willbo

Quote from: Mister Six on May 25, 2022, 05:48:18 PMIf stores selling on Amazon run out of a particular book and can't get more copies (typically if it's out of print), they'll jack up the prices to ridiculous amounts so they can keep the listing (and its associated reviews) open while dissuading anyone from placing an order.

If someone does place an order at a ridiculous price, they can put in the effort needed to buy it for, say, £100 from a dealer and still make £50 profit.

eBay I don't know about - could be that the sellers are basing their prices on Amazon's.

I never knew that. I thought they all just put the highest price on amazon in the hope that people there are more stupid/desperate and put the realistic price on ebay.

letsgobrian

The recent Beyond story they did in Spider-Man went back the writer's room weekly format, and while it was more consistent in the overarching plot, it was probably too long.

The Avengers: No Surrender and Avengers: No Road Home series are much better examples of Marvel doing a weekly comic in the style of 52. It probably helped that Mark Waid had worked on 52 and Al Ewing had delivered plenty of Thrill Power for 2000AD.

Small Man Big Horse

Quote from: Dayraven on May 27, 2022, 10:51:27 AMIt works pretty well in 52, which I'm reading as part of a binge of Grant Morrison's work on the DC Infinite app. There are a couple of differences that help make it work, though — each writer mostly takes charge of their own strands in a many-threaded plot, instead of each writing about the same central character, and the limited run gives it clearer shape.

I guess I'm not against the idea completely (bar the cost!) but it definitely needs to be well organised in advance (like it sounds Morrison was able to do) rather than just because they want to make a sod load of money!

Quote from: letsgobrian on May 27, 2022, 01:05:56 PMThe recent Beyond story they did in Spider-Man went back the writer's room weekly format, and while it was more consistent in the overarching plot, it was probably too long.

The Avengers: No Surrender and Avengers: No Road Home series are much better examples of Marvel doing a weekly comic in the style of 52. It probably helped that Mark Waid had worked on 52 and Al Ewing had delivered plenty of Thrill Power for 2000AD.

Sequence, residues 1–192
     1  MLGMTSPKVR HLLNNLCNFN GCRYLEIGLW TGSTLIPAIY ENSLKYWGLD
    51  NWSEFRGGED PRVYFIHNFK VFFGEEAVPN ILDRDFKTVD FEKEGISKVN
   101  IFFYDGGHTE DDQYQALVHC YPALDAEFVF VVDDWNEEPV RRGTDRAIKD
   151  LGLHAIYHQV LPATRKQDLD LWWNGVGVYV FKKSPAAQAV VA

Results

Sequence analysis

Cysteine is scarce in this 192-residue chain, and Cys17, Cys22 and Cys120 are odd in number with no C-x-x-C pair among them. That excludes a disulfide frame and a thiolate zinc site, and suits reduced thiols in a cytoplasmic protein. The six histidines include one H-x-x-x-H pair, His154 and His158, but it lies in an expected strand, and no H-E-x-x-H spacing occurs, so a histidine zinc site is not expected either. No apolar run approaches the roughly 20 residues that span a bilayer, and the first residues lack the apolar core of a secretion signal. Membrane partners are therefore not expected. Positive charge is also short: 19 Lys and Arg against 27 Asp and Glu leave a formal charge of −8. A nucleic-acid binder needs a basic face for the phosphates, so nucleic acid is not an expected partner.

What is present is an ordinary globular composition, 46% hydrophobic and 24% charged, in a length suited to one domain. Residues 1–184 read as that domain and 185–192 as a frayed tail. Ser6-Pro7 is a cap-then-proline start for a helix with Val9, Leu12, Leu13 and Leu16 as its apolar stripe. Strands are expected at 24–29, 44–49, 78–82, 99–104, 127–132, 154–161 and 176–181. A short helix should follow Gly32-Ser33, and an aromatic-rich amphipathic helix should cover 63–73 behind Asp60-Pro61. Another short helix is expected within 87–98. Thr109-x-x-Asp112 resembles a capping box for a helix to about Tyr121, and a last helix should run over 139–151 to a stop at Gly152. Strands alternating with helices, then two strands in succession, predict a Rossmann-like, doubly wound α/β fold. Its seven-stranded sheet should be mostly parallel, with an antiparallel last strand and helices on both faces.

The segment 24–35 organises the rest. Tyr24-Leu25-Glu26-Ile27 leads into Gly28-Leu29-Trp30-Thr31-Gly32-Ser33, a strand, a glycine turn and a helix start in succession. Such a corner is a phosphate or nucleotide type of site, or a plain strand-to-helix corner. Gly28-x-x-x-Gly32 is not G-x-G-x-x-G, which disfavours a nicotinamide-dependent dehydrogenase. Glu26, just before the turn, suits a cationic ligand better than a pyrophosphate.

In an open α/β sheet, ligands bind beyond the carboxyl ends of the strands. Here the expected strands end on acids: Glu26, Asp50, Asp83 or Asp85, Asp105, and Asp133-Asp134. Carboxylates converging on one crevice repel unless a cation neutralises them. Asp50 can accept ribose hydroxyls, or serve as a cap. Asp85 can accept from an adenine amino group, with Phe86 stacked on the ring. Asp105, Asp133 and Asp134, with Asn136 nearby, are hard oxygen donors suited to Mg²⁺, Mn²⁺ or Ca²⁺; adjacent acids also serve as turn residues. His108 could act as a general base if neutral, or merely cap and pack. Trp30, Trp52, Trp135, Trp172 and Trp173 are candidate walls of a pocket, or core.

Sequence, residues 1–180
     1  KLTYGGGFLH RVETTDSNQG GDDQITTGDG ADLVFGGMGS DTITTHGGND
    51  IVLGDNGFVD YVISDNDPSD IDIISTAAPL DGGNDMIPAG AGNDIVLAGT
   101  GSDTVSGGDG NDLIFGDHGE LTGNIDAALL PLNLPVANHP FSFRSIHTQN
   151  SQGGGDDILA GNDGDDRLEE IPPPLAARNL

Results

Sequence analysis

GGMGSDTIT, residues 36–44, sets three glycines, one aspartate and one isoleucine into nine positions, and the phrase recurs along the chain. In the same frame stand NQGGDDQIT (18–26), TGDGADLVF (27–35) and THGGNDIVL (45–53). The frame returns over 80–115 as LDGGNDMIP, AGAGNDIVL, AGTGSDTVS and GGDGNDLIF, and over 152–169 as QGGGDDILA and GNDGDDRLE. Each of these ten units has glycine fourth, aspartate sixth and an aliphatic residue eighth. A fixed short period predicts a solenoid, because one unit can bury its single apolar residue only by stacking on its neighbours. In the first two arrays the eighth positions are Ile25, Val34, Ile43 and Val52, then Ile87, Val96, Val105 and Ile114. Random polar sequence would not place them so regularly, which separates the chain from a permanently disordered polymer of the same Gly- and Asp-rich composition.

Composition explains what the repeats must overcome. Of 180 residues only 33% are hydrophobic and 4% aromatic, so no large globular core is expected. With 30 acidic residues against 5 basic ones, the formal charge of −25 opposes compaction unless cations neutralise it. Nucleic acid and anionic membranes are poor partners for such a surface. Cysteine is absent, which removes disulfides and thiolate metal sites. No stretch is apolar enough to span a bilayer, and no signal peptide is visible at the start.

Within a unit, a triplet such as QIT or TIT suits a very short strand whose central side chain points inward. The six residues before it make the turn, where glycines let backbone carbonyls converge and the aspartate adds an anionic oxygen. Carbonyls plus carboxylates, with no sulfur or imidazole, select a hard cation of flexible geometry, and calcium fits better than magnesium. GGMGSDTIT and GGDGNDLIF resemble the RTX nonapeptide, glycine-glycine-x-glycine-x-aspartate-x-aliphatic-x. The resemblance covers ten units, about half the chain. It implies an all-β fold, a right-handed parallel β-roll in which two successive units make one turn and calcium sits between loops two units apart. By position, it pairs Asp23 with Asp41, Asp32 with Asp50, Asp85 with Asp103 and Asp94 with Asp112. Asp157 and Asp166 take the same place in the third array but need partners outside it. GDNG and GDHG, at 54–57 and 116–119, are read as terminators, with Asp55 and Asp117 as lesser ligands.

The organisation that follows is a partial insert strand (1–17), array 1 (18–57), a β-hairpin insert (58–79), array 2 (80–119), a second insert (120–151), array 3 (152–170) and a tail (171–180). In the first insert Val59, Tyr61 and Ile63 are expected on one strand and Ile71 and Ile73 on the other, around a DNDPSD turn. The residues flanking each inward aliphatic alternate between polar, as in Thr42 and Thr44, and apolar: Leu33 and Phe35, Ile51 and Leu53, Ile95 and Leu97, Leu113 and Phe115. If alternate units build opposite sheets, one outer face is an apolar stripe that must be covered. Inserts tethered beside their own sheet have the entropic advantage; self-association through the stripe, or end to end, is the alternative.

That's interesting to hear, and I am very fond of both Waid and Ewing, so will have to check them out when I can afford to.

Magnum Valentino

Don't forget, Spider-Man would have been published weekly as far back as the 1990s (if not earlier), presuming that Amazing, Spectacular, Web of and 'adjectiveless' Spider-Man never came out on the same day. Even in the 1970s he had three monthly titles - Amazing, Spec and Marvel Team Up (which was cancelled to make room for Web in the 80s).

During Brand New Day, I think some of the other satellite titles were cancelled to account for Amazing going weekly. So really, you always had different creative teams working on those titles, the only difference was they ran them all as Amazing Spider-Man instead of as different titles.

During the mid 1990s Clone Saga, there was a period where single-issue stories were done away with and the endless 4-parters were split between titles. The Ben Reilly Scarlet Spider stuff was covered in Spider-Man and Web of, and Peter's stuff appeared in Amazing and Spectacular. Additionally, Marvel was still running Spider-Man Unlimited 3 or 4 times a year, plus endless Annuals and limited series and what have you. Web was cancelled and replaced by Sensational Spider-Man when Ben took over full time, and which was home to an excellent half-reprinted run by Todd Dezago and Mike Weiringo. Even then, they ran Untold Tales of Spider-Man for two years to appease the folks who missed Peter in the webs. It's never been easy collecting Spider-Man. I had a go at it once with a big Excel spreadsheet but once I stopped reading towards the end of Slott's run (around 'Worldwide', I think), I abandoned it. Since then I see they've made some attempts at getting the brilliant Paul Jenkins stuff out in trades before giving up, and they never did a second Tombstone TPB for those Spectacular issues and that would have been an easy sell, so it's frustrating.

Small Man Big Horse